All three of those elements came crashing together pretty humorously in a bit Stephen Colbert performed last week on his show, “The Colbert Report.” The particular topic of his segment had to do with Sarah Palin‘s description of Paul Revere‘s ride and the subsequent media response that followed her (disjointed, as Colbert makes clear) description of the event.
Certainly Palin’s description of Revere’s ride and the “accuracy” (or lack thereof), is an interesting topic, and one that Colbert addresses satirically throughout the piece. However, having consumed a lot of post-modernist Kool-Aid over the past five years, I’m pretty well willing to recognize that all descriptions of historical events are constructions of the past, none of which can ever embody the actual substance of “how it actually was” — the great goal of the nineteenth century German historian Leopold von Ranke (and something I’ve touched on earlier). While Palin’s portrayal doesn’t have the rigorous grounding in primary source material that say, David Hackett Fischer’s account does, it does reflect an interesting cultural moment in the United States as the country’s history plays an ever-more prominent role in political discourse and campaigning. (For more on that topic, see Jill Lepore’s New Yorker article and her recent book) . However, what’s far more interesting to me is the way that the past, and in particular a “national” past, is constantly harnessed for such (often) divergent ends by politicians, scholars, and others. This isn’t just a Tea Party thing (although it’s most prominent with them); it’s something that happens with politicians of all political stripes. In this respect, any portrayal of the Founders (which has such a unique deity-esque, cult status in this country) that emphasizes their “national” consciousness retroactively projects a modern worldview onto individuals that didn’t have those same conceptions, definitions, and word usages.
I found the segment’s discussion over the conflict that took place on the Wikipedia page for Paul Revere to also be really interesting. This contestation again speaks to the power of encyclopedias (which have now been supplanted by Wikipedia in terms being the go-to-reference authority) for their ability to convey “facts” and provide a definitive account of what happened. The fact that the Wikipedia page for Paul Revere got locked down by the site’s administrators suggests 1) how immediately different interest groups will work to find popularly accepted channels to convey their worldview, and 2) how poor many people’s critical lenses are when evaluating the sources of information they use. I was actually a bit disappointed that the Paul Revere Wikipedia page hadn’t gone all meta and included a self-referential section that talked about the controversy surrounding its editing/vandalism (a semantic distinction that will vary depending on your perspective).
However, this phenomenon of putting critical blinders on also seems to crop up in the journalistic scandals that result when news outlets immediately run with a story initially presented on Twitter. This new, widespread access to popularly-consulted forms of communicated — Wikipedia and Twitter amongst others — enables people at the grassroots level to have a rapid and dramatic impact on what the general public considers “fact” as they rush to push out material that serves their purpose. (Which, to get all meta on myself now, seems to be what I’m doing with this post. Hmm.) This same phenomenon also seemed to be at work in Anthony Weiner‘s immediate denials about his indiscreet postings to Twitter, as his first line of defense was, “My Twitter account got hacked,” a plausible, albeit weak, defense against his own wrong-doings that was based on the egalitarian nature of the modern internet.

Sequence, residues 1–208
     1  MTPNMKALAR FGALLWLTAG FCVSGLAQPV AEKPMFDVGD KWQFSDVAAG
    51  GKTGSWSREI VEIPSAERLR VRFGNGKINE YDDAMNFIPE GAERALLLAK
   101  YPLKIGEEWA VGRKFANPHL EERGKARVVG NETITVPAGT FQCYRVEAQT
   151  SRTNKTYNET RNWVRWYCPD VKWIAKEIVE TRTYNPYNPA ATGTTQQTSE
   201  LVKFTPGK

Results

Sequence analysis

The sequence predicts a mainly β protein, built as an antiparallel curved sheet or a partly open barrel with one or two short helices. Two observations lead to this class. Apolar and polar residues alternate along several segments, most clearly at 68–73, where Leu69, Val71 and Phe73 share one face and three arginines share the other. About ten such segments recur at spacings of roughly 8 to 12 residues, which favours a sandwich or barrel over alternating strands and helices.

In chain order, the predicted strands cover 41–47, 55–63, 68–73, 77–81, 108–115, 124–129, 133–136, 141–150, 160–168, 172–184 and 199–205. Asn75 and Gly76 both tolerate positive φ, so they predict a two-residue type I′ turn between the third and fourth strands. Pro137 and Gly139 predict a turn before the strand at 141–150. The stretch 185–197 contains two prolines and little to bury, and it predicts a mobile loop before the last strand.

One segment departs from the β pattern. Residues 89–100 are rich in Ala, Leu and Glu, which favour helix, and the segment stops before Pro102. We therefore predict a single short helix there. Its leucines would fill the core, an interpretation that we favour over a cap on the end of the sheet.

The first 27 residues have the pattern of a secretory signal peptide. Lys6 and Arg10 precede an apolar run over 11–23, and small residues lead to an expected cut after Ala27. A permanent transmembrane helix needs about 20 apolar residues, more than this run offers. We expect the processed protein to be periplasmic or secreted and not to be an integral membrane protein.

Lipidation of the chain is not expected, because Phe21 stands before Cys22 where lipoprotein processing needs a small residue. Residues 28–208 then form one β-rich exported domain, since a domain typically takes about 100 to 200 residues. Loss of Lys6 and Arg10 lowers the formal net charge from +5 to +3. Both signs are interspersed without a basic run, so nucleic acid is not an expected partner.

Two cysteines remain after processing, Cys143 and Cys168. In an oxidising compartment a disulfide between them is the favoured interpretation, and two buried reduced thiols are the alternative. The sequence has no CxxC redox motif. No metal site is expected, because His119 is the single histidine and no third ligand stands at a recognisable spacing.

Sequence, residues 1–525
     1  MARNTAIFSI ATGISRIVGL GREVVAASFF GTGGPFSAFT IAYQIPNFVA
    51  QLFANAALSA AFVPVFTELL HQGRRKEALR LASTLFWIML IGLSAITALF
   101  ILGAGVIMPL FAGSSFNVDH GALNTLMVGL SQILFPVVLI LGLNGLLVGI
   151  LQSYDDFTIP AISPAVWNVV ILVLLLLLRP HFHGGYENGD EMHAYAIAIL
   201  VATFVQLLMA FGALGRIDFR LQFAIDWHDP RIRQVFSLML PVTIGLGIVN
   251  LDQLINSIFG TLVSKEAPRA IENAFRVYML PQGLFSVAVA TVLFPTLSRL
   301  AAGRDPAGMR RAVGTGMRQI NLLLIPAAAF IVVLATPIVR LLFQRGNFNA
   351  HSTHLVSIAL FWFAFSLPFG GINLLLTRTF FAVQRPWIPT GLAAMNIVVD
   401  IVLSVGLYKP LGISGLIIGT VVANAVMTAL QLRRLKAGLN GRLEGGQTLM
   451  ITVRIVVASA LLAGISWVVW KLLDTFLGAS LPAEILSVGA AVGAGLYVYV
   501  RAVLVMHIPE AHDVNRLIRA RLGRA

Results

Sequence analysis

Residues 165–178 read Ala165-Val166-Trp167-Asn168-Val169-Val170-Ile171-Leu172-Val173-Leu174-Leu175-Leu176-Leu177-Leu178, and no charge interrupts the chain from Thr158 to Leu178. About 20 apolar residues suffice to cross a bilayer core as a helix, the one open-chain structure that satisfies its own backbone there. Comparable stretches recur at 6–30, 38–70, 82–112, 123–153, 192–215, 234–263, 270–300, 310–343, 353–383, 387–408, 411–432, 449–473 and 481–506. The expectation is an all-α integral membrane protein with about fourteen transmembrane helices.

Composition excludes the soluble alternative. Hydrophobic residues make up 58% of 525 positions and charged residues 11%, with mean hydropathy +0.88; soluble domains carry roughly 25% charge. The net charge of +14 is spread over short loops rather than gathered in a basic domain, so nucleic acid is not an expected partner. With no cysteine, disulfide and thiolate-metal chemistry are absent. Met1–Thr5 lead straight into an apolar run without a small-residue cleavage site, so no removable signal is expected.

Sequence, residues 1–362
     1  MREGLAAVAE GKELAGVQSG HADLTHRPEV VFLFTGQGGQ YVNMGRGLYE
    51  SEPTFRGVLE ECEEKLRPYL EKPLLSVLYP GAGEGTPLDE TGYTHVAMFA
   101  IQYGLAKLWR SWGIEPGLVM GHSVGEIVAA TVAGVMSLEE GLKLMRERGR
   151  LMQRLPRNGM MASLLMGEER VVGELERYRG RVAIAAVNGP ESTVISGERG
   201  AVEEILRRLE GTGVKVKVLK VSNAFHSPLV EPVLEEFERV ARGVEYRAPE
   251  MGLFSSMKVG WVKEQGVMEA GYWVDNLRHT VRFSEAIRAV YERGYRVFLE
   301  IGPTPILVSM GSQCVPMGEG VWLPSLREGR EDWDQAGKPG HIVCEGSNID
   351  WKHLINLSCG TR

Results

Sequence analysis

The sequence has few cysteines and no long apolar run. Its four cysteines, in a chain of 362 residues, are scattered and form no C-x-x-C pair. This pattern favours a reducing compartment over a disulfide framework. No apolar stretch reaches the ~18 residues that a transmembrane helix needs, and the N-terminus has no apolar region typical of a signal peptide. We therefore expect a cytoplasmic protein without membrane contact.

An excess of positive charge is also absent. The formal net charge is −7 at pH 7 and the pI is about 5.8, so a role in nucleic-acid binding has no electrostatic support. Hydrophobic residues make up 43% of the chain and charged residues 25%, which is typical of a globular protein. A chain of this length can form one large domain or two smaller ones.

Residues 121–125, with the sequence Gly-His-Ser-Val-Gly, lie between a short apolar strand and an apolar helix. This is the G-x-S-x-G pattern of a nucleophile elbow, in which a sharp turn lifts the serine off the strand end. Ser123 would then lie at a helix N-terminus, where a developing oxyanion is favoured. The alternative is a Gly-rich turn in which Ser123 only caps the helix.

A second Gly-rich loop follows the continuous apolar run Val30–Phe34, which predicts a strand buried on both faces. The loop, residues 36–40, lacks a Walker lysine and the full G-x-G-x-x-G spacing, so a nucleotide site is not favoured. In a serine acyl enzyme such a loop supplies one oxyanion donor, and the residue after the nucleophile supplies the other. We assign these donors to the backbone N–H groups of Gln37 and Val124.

Colbert’s final bit, which challenged even his impressive deadpan delivery skills, also points to the widespread appeal of and notion that historical re-enactment can shed light on the way the past “really happened.”
While the incredible absurdity of Colbert’s re-enactment is pretty well evident to all audiences, I wonder how many degrees of difference separate this over-the-top performance from the types of re-enactments (most of which, in the United States, focus on the Civil War), that Tony Horwitz wrote about in Confederates in the Attic? At the core of all re-creations, does a desire to experience the “reality” of the past simply serve as a way to validate one’s own modern-day perspective on what “actually” happened? Of course, dressing up in heavy, tick-infested, woolen uniforms does lend one an air of historical authenticity (or modern-day clinical insanity). Nevertheless the re-creation can never escape the contemporary moment in which it is imagined, executed, and experienced. Colbert’s re-enactment took on the tone of the ridiculous by clearly highlighting the modern elements — the mechanical horse, him wearing a suit, and the ceremonial tossing of gunpowder over both his shoulders. However, it seems like Colbert was just being truthful about any attempt to know the “reality of the past” through a re-enactment as the contemporary forces that shape it inevitably move to the fore no matter how much one tries to turn a blind eye to them.